Oak View Elementary School celebrates new 10,975-square-foot gym
Parents, teachers and students gathered Monday evening for the unveiling of Oak View Elementary School’s new gymnasium and courtyard.
“We’re really excited. It’s been an amazing journey this school year,” said Jenna Landero, principal of the school at 17241 Oak Lane in Huntington Beach. “When I came here in August, the green fences were up and they were still laying the foundation.”
“The kids have watched when the beams have been put in with the big cranes,” Landero added. “It’s really kind of surreal to be able to see this opportunity of being able to give the kids a safe space for them to play indoors when it’s raining outside. … It’s just exciting.”
The 10,975-square-foot multipurpose room and gym will be used for assemblies and athletics. It includes a set of bleachers, a basketball court and a stage with lighting. There also are two rooms that students can use for dressing or work. Adjacent to the building is a large shade structure and courtyard where students can spend break periods.
Oak View students Daniel Soriano and Yuliana Ponce, both 10, said they were excited to play basketball in the gym. Yuliana also said she’s looking forward to playing dodgeball there next school year.
“We could do P.E. in there and have fun with the principal,” Yuliana said.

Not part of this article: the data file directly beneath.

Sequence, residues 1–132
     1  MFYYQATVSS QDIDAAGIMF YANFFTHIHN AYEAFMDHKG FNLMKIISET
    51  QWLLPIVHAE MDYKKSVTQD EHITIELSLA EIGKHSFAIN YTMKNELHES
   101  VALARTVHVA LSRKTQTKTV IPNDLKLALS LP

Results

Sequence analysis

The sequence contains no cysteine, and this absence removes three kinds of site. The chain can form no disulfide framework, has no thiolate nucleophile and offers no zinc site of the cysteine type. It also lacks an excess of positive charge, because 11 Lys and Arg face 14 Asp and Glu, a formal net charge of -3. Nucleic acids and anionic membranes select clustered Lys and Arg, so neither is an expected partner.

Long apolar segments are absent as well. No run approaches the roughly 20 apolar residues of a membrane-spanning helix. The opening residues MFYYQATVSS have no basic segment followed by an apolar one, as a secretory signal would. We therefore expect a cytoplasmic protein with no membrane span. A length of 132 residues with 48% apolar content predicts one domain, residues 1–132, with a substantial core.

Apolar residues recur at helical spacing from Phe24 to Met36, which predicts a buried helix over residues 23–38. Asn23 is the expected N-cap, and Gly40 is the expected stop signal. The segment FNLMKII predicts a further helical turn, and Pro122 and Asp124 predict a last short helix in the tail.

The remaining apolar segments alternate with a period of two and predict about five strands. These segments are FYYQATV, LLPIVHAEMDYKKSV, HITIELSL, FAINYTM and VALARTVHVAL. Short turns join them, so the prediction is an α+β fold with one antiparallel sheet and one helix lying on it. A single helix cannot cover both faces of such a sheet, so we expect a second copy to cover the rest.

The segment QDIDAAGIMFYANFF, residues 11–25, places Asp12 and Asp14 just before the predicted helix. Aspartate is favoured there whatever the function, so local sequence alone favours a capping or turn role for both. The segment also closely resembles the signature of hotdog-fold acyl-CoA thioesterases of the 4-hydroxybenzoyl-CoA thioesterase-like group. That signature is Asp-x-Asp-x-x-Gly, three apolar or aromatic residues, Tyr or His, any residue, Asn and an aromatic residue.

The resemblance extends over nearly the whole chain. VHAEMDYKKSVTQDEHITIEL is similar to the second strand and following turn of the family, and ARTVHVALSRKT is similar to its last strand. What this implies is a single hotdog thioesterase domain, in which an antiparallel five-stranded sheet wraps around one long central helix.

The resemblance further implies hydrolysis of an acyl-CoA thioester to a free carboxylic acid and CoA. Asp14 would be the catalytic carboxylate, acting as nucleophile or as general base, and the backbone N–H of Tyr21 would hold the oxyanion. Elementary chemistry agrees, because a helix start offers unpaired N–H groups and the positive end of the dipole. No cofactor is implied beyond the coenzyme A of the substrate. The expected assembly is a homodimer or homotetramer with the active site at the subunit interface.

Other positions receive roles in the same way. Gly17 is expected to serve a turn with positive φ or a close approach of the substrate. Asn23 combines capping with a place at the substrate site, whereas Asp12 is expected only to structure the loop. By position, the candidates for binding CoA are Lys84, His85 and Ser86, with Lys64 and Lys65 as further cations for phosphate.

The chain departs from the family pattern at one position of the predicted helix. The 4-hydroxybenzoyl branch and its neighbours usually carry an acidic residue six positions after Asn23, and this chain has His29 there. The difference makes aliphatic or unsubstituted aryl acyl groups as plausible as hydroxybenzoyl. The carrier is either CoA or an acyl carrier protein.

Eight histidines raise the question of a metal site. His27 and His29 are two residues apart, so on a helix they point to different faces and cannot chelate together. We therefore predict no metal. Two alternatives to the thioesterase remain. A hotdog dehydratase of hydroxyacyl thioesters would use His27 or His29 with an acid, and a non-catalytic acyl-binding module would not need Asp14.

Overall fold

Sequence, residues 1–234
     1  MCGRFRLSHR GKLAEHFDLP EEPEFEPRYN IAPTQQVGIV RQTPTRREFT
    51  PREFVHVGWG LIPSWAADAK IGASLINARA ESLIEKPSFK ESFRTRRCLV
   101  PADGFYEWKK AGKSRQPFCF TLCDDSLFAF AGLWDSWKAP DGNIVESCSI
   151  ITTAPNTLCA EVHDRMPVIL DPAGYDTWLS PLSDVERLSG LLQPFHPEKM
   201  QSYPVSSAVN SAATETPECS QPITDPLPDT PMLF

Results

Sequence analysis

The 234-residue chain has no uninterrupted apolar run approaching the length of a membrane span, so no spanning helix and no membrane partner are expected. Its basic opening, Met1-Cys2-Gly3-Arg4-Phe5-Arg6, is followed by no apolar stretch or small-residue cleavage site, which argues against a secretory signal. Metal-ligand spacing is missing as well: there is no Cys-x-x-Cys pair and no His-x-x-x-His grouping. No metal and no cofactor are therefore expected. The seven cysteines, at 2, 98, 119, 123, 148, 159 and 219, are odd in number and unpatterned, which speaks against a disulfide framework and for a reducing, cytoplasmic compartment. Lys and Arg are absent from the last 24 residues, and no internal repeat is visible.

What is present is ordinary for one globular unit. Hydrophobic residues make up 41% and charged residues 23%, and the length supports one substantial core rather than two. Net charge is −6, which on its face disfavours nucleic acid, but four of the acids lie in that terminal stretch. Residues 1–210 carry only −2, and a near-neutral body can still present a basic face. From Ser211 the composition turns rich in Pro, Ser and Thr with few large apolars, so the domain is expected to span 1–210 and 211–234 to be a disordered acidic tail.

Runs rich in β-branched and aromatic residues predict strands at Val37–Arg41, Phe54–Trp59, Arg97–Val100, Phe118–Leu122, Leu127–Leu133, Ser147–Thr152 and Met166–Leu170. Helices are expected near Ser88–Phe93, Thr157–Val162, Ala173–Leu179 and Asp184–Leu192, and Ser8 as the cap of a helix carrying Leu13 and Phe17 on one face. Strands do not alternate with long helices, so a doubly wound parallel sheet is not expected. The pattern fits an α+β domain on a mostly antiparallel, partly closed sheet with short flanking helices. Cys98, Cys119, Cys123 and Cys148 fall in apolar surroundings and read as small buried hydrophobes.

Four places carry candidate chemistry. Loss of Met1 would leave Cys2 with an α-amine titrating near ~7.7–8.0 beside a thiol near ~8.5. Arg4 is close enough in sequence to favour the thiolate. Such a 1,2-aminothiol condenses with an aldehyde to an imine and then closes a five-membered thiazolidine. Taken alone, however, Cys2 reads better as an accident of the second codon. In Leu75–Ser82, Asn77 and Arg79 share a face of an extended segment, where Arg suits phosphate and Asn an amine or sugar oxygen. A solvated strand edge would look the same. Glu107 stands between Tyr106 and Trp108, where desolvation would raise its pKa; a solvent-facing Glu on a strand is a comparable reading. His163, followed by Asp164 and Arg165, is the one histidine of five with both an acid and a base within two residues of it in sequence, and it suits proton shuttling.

The facility is the only one of its kind in the Ocean View School District.
“It’s unique in … that it’s on an elementary campus,” district Supt. Carol Hansen said. “Usually, gyms and multipurpose rooms of this scope are made for a middle school. So we’re fortunate to have this on an elementary campus to be able to offer after-school activities. But not only that, offer activities within the school day that enable students to participate in the gym.”
The project came on the heels of a settlement of a 2013 lawsuit against Rainbow Environmental Services, a disposal company with a waste transfer facility near Oak View Elementary. The Ocean View district alleged that dust and odors from the facility were making students sick.
The suit was settled in November 2016, with Rainbow — now Republic Services — pledging to pay $4 million for the gymnasium and trees to create a barrier between the school and the waste facility on Nichols Lane. The company agreed to spend an additional $18 million on enclosing the trash facility and installing a ventilation and filtration system to mitigate noise and odors.
“We are very proud of our Oak View school,” district board President John Briscoe said Monday. “Our schoolchildren … and all these employees deserve to have a beautiful, modern facility that provides a central core — a hub, if you will — of the community. Our schools have served in this role for many years. I’m happy to see that this new gymnasium can enhance this central gathering place.”
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